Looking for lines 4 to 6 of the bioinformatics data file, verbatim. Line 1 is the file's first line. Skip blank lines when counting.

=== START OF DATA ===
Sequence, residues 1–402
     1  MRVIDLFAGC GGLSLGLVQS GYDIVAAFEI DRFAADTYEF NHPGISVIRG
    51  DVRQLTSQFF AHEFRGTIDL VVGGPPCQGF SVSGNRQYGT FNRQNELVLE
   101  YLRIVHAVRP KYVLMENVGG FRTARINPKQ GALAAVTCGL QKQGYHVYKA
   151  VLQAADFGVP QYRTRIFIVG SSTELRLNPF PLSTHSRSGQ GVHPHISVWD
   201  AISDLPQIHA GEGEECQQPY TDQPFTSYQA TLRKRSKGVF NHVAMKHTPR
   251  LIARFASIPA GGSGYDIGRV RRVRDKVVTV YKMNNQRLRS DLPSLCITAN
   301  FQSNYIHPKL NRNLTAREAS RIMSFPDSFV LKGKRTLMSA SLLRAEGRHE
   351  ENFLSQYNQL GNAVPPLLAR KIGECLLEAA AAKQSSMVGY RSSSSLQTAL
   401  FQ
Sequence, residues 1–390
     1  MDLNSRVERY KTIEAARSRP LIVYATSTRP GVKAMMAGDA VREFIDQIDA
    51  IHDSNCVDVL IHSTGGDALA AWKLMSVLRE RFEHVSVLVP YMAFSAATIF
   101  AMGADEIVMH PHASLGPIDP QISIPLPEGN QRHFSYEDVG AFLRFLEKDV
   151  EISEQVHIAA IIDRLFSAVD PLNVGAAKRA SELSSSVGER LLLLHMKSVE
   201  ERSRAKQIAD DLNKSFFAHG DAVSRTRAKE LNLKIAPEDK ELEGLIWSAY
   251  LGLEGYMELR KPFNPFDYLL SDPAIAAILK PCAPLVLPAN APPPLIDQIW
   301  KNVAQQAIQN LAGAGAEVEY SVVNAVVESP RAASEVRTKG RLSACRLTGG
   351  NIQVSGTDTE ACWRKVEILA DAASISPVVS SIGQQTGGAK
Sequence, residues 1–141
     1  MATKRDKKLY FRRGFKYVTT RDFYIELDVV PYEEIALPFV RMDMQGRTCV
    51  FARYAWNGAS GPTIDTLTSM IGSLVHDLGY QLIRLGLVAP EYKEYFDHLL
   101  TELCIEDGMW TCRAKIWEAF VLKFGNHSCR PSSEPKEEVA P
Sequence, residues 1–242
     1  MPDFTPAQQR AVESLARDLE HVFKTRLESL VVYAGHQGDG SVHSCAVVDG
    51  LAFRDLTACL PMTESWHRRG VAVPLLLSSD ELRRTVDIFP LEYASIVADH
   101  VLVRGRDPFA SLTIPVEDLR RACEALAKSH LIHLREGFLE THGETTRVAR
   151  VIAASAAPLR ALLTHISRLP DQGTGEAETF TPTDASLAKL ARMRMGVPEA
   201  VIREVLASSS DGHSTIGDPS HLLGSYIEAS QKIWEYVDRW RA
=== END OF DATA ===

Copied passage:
   101  YLRIVHAVRP KYVLMENVGG FRTARINPKQ GALAAVTCGL QKQGYHVYKA
   151  VLQAADFGVP QYRTRIFIVG SSTELRLNPF PLSTHSRSGQ GVHPHISVWD
   201  AISDLPQIHA GEGEECQQPY TDQPFTSYQA TLRKRSKGVF NHVAMKHTPR